Iraq will supply crude to at least two Asian buyers at around 10 percent below contract volumes for June, possibly the first major cut in allocations by the OPEC producer this year, industry sources said on Wednesday.
The cut was on medium-heavy Basrah Light crude, they said.
It was not immediately known why Iraq cut the supply, but it might be related to production problems at its oilfield, the sources said.
Oil output and exports from Iraq fell last month due to repeated attacks against the Kirkuk-Ceyhan export oil pipeline and possible pumping problems in Basra fields.
A Reuters survey showed oil output in Iraq -- the only member of the 12-member OPEC producer group that does not have an agreed production limit -- fell to 2.28 million barrels per day (bpd) in April from 2.32 million bpd in March.
Iraq's oil exports fell slightly in April to 1.767 million bpd from 1.79 million bpd the month before, an Iraqi Oil Ministry official has said.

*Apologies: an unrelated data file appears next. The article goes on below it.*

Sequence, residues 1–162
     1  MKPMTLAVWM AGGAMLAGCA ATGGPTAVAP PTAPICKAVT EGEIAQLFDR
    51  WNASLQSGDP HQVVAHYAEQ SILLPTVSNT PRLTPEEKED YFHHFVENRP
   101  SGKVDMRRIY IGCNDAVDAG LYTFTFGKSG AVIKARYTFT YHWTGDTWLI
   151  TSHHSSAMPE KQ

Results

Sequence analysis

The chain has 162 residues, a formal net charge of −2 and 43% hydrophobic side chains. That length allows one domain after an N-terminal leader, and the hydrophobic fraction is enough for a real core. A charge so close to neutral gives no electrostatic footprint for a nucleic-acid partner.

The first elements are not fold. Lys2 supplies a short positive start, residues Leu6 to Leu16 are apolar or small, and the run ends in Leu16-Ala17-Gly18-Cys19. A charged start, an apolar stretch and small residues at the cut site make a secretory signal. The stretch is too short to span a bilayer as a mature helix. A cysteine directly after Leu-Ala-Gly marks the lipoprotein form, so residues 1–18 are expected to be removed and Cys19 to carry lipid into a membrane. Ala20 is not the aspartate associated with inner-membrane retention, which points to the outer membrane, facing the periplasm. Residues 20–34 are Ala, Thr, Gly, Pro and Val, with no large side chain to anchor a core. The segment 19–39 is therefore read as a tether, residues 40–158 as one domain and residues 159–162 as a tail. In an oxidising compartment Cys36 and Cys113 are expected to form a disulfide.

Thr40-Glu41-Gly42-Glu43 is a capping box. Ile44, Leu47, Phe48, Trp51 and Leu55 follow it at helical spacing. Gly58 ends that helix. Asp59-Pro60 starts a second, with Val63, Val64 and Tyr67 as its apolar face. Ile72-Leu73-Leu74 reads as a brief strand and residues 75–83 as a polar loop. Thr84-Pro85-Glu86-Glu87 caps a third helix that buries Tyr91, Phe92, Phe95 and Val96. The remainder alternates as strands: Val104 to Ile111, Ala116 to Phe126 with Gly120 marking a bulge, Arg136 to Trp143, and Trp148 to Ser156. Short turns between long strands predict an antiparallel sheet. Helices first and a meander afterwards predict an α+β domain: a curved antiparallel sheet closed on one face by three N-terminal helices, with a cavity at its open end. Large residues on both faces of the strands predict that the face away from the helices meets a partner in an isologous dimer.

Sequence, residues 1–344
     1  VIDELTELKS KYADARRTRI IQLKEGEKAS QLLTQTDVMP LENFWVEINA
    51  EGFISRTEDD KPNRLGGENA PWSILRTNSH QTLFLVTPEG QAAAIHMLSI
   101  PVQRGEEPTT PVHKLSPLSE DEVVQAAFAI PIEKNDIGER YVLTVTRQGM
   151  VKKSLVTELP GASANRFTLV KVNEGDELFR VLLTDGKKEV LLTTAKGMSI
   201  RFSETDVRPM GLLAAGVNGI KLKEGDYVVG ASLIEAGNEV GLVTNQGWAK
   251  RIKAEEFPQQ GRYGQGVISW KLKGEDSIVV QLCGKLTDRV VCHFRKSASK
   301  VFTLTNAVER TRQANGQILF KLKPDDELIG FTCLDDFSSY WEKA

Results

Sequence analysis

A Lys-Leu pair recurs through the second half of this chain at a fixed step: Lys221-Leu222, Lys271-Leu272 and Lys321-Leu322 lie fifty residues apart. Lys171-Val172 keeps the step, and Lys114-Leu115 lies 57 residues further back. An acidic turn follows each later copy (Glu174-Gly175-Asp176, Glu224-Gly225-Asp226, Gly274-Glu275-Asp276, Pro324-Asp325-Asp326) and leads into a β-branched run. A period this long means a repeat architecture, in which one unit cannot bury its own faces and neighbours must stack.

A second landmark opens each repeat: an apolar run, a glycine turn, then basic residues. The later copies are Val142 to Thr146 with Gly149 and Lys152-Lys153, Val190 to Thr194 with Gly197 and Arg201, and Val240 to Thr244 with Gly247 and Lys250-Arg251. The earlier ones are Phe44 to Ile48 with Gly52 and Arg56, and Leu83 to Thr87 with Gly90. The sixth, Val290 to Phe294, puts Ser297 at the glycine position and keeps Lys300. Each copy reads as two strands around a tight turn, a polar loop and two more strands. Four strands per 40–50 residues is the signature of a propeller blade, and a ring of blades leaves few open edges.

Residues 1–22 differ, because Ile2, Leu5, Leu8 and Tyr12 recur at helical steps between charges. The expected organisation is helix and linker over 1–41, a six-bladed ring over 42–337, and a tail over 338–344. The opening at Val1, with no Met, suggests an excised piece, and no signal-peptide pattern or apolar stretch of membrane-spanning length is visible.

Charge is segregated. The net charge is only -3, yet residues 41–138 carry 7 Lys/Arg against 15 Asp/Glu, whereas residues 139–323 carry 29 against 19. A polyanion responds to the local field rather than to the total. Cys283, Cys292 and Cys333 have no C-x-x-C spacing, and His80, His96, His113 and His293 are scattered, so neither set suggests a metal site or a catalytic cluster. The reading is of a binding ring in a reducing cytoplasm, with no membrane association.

Iraq exported an average of 1.42 million bpd from the southern oil hub of Basra and 341,965 bpd from the northern oilfields around Kirkuk, including about 9,983 bpd by trucks to Jordan.
The fall in exports was due to bad weather in Basra and a brief halt of exports via the Kirkuk-Ceyhan pipeline after a bomb attack last month.
Term buyers of Iraqi crude have not been eager to take Basrah Light in the first quarter of this year due to increased supplies of other medium-heavy grades, such as from Saudi Arabia, Qatari al Shaheen crude and the new Russian ESPO Blend, traders have said.
Reflecting the weak demend, Iraq's State Oil Marketing Organisation (SOMO) made a rare offer of 3 million barrels of Basrah Light on the spot market for loading in March.
Demand for Basrah Light improved slightly last month, with some cargoes heard to have traded at premiums to the official selling price (OSP), trader said.
Iraq raised the OSP of its Basrah Light crude loading in June to customers in Asia by 10 cents to a discount of $1.05 to the average of Oman/Dubai quotes.
Top oil exporter Saudi Arabia earlier this week said it would supply full volumes to at least seven Asian clients in June, steady from May, as oil held within the kingdom's preferred range and Asia was expected to lead demand growth. (Additional reporting by Florence Tan, James Topham in TOKYO, Ahmed Rasheed in BAGHDAD and Alex Lawler in LONDON; Editing by Ramthan Hussain)